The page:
Miners are the only failsafe when the fiat and altcoin incentives corrupt the dev machine.

— Tom Harding (@dgenr818) April 13, 2017

Nakamoto consensus for the win. See you in November.

The views expressed in this op ed are those of its author, Jon Matonis, and do not necessarily reflect those of Bitcoin Magazine or BTC Media.

The post Op Ed: No Governance for Old Men: Coordinating Protocol Upgrades in the Future appeared first on Bitcoin Magazine.

Posted on 21 July 2017 | 6:43 am

ECB President: Cryptocurrency Price Boom Having Limited Effect on Economy

The president of the European Union's central bank has issued new remarks that touch on the rising price of cryptocurrencies.

Source

Posted on 21 July 2017 | 6:15 am

Trust Your Odometer? Blockchain Test Aims to Turn Tide on Car Tampering

If you've ever bought a used car you'll understand why BigchainDB has developed a platform that tracks vehicle history on a blockchain.

Source

Posted on 21 July 2017 | 5:30 am

Bitcoin is booming because a split in the cryptocurrency has been narrowly averted - Quartz


Quartz

Bitcoin is booming because a split in the cryptocurrency has been narrowly averted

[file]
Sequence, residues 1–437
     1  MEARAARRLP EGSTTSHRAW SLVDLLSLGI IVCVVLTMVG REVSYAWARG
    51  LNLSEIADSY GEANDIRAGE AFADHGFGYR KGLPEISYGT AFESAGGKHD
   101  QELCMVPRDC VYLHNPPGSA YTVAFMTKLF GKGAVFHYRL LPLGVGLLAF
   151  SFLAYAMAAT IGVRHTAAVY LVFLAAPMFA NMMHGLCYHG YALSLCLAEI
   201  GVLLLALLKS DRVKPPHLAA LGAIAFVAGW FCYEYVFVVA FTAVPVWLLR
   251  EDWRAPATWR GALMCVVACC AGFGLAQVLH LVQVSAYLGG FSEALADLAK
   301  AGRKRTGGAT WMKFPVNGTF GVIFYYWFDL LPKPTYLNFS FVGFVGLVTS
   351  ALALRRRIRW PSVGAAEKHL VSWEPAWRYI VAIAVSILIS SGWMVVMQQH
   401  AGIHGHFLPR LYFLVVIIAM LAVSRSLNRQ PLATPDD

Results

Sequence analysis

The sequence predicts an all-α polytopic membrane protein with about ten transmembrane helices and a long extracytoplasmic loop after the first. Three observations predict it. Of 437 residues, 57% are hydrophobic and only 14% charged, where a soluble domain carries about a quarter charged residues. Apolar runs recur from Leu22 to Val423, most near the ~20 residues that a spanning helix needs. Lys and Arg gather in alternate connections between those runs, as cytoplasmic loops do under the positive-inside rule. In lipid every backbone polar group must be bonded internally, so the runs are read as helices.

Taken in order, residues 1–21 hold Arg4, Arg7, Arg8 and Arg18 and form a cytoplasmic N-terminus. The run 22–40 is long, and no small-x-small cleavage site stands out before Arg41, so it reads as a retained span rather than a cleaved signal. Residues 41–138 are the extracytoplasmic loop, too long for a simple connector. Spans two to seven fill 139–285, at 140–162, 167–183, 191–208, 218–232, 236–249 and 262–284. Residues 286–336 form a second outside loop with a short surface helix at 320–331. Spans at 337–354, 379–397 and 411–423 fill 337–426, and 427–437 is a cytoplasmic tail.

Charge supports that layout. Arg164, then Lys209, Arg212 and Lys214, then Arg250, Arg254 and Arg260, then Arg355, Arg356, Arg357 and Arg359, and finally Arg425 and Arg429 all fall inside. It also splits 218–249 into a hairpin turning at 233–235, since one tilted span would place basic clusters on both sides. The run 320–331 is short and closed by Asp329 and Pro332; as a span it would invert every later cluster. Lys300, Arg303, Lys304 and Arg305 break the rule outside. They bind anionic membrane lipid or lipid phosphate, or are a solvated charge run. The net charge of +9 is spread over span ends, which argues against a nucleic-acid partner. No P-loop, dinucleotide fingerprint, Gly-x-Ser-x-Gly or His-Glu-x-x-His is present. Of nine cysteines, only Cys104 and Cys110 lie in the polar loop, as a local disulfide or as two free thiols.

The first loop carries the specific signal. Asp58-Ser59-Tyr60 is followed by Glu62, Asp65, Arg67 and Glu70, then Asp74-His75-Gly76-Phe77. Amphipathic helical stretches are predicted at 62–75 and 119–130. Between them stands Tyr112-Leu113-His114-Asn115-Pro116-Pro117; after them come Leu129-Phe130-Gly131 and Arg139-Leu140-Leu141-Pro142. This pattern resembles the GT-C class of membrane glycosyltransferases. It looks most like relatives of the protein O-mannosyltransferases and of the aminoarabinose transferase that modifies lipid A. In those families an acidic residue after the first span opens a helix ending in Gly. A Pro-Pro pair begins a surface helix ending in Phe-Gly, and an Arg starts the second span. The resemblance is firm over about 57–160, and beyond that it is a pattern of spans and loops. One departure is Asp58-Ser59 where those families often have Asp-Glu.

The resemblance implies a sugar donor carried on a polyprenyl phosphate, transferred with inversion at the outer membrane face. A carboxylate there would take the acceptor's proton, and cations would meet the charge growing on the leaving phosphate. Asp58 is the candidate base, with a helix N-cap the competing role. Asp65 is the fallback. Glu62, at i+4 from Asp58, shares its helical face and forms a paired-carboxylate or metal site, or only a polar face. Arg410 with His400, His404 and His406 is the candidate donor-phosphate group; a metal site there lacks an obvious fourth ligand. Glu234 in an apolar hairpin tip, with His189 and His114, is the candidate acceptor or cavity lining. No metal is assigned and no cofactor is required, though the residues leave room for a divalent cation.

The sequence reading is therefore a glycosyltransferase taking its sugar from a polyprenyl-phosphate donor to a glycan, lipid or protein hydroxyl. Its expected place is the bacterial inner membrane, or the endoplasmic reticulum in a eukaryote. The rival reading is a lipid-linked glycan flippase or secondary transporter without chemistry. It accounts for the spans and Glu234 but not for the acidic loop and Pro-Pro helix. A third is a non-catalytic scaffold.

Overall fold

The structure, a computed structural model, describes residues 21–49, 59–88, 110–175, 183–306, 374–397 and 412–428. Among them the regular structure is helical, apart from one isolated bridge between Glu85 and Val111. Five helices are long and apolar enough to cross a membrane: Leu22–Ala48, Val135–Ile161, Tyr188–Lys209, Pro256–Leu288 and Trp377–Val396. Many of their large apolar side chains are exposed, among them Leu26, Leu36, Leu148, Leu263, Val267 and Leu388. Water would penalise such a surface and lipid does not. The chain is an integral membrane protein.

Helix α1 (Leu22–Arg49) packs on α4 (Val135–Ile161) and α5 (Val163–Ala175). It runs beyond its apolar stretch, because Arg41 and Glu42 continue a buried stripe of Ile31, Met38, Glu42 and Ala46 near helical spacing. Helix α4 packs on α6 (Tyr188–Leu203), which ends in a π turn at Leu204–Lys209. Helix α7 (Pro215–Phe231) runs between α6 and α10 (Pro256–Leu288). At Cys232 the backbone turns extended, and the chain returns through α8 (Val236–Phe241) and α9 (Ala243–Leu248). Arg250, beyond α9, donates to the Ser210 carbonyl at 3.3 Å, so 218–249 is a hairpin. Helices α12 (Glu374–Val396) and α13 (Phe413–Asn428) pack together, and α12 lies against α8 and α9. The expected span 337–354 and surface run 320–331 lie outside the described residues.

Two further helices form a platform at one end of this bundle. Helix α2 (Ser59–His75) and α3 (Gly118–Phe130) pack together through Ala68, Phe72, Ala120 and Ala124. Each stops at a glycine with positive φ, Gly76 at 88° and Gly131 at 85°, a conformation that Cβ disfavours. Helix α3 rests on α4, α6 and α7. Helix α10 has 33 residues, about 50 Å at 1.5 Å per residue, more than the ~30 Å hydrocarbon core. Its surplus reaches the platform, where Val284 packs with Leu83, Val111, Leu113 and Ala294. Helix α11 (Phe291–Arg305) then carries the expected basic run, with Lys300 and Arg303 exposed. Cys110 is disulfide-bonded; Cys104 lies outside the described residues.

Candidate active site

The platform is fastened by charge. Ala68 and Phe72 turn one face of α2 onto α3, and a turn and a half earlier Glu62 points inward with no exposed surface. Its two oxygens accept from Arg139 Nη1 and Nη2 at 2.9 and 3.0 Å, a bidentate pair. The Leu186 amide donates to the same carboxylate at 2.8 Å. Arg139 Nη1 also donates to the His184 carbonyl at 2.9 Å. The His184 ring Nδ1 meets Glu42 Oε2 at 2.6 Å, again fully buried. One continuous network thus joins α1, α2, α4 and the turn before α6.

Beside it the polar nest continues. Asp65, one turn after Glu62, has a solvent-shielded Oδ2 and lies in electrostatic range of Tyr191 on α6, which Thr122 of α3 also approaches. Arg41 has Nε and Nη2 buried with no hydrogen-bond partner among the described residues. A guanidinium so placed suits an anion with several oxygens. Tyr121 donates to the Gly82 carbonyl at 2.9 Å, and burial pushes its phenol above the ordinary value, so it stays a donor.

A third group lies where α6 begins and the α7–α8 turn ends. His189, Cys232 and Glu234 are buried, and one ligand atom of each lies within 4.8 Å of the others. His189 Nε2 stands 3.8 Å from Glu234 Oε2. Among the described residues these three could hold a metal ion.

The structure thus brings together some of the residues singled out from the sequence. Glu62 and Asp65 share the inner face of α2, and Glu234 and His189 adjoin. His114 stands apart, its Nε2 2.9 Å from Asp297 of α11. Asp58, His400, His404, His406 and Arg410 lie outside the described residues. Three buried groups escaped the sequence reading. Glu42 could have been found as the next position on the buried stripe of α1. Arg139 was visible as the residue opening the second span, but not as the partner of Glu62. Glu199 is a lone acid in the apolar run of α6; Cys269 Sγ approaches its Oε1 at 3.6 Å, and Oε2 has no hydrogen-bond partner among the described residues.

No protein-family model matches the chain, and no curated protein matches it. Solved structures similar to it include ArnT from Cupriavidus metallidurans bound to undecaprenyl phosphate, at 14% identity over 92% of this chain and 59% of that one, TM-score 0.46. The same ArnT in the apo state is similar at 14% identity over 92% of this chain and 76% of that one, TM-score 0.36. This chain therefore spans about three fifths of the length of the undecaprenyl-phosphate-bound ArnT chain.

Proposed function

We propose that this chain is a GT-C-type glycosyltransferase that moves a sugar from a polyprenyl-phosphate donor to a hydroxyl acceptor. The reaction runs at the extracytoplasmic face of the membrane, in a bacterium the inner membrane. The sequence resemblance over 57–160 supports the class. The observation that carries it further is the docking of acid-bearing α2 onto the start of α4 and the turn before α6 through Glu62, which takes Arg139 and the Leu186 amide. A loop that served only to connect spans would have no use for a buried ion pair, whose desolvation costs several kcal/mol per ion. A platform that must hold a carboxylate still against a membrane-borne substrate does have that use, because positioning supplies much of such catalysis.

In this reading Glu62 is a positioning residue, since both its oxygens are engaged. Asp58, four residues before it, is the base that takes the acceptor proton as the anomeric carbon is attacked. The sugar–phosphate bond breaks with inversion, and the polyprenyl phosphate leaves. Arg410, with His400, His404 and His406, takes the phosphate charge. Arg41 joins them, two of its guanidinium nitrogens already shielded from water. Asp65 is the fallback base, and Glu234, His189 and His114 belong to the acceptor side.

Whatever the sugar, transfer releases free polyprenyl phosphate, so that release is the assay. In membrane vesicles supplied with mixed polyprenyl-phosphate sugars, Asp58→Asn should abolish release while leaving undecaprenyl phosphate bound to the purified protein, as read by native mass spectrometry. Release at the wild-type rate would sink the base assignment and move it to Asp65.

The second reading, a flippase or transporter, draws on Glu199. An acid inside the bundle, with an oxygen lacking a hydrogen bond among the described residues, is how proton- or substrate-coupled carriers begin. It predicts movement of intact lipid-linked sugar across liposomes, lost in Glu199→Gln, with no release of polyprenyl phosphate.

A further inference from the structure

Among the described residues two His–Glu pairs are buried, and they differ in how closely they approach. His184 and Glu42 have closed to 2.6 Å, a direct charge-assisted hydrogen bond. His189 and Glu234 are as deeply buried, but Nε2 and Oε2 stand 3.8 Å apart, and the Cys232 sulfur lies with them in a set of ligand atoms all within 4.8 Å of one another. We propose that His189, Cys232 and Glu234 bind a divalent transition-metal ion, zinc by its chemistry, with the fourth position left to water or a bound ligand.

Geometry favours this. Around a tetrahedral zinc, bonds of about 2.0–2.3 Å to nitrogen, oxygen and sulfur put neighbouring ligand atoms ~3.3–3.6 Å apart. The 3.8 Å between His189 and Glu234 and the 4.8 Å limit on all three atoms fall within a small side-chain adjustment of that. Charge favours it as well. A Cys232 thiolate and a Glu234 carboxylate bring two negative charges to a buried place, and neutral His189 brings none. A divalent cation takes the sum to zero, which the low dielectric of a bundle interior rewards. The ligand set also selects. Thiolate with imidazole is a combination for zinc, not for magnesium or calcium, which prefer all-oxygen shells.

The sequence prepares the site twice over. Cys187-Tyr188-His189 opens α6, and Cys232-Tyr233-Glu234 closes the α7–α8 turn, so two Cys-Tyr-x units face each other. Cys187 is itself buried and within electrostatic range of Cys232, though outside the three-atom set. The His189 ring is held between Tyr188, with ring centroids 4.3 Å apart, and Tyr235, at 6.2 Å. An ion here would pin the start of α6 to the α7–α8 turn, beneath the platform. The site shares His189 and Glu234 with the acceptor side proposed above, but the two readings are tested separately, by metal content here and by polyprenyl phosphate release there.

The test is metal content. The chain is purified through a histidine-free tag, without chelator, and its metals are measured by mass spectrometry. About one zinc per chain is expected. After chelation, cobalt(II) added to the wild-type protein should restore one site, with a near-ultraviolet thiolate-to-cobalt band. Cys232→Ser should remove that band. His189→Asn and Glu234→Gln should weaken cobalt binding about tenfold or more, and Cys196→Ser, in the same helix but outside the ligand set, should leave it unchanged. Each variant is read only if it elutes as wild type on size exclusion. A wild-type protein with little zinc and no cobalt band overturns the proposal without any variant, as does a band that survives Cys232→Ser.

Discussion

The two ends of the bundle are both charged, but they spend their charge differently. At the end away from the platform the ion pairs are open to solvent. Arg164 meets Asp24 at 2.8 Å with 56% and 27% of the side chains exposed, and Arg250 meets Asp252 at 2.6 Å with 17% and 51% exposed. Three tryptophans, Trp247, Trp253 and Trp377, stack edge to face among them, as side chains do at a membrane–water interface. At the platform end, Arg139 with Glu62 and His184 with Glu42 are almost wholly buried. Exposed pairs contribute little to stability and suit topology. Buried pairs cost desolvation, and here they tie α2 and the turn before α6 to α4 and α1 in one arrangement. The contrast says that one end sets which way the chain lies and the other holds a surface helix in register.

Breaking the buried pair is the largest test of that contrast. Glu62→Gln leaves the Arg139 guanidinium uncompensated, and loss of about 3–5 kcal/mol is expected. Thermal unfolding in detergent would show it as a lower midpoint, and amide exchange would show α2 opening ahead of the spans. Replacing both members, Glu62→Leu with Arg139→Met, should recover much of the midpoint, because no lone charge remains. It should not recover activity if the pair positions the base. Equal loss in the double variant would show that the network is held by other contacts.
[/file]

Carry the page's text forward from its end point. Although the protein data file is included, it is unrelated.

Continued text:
Quartz
Bitcoin has risen as much as 28% over the past 24 hours, driven by news that an imminent split in the cryptocurrency has been narrowly averted. The price of bitcoin nearly hit $3,000 late on July 20, within spitting distance of its all-time high, set ...
Bitcoin Soars as Upgrade Backers Hoist Beers to ArmisticeBloomberg
Bitcoin Price and Market OverviewCoinTelegraph
Bitcoin Surged By $300 in the Past 24 Hours. Here's Why.Fortune
Bitcoin News (press release) -BBC News -Engadget -Coin Dance
all 111 news articles »

Posted on 21 July 2017 | 5:07 am

What is Bitcoin, what is its price in pound sterling and how does it work? - The Sun


The Sun

What is Bitcoin, what is its price in pound sterling and how does it work?
The Sun
THE controversial computer currency Bitcoin that's worth more than gold is a type of digital currency that was invented by an unknown developer. As it stands (Jul 21) a single bitcoin is worth £2,090 while a troy ounce of gold is worth $1,248 (£960 ...
Education Initiatives Increase Bitcoin AdoptionBitcoin News (press release)
Cosmetics Giant Lush Accepts BitcoinCoinTelegraph
Bitcoin's great selling point, the distributed ledger, is now its weak linkThe Australian Financial Review
CryptoCoinsNews -Bitcoinist -NDTV
all 21 news articles »

Posted on 21 July 2017 | 4:59 am

Arrested Hacker Claims $30 Million Bitcoin Theft – But Offers Little Proof

A Pennsylvania resident is claiming to have stolen millions in bitcoin, though he's offered police little in the way of evidence.

Source

Posted on 21 July 2017 | 4:00 am

Bitcoin nears record high price after 'milestone' in fierce debate over its future - CNBC


CNBC

Bitcoin nears record high price after 'milestone' in fierce debate over its future
CNBC
Bitcoin traded near its all-time high price late on Thursday after the intense debate over the cryptocurrency's future appears to be heading to a positive end. The price of bitcoin hit a high of $2,948.51 on Thursday evening, just shy of the record ...